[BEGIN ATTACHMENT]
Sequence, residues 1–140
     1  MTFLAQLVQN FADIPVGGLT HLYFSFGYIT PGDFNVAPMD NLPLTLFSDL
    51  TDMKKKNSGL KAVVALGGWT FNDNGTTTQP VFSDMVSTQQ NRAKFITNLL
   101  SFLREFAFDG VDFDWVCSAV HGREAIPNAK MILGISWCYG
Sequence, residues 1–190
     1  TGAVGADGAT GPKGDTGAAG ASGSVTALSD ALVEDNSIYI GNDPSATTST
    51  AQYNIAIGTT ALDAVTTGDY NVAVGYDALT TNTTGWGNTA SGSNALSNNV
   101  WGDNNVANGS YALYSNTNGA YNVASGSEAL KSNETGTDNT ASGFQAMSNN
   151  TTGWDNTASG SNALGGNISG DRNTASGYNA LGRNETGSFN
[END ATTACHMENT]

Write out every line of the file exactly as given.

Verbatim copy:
Sequence, residues 1–140
     1  MTFLAQLVQN FADIPVGGLT HLYFSFGYIT PGDFNVAPMD NLPLTLFSDL
    51  TDMKKKNSGL KAVVALGGWT FNDNGTTTQP VFSDMVSTQQ NRAKFITNLL
   101  SFLREFAFDG VDFDWVCSAV HGREAIPNAK MILGISWCYG
Sequence, residues 1–190
     1  TGAVGADGAT GPKGDTGAAG ASGSVTALSD ALVEDNSIYI GNDPSATTST
    51  AQYNIAIGTT ALDAVTTGDY NVAVGYDALT TNTTGWGNTA SGSNALSNNV
   101  WGDNNVANGS YALYSNTNGA YNVASGSEAL KSNETGTDNT ASGFQAMSNN
   151  TTGWDNTASG SNALGGNISG DRNTASGYNA LGRNETGSFN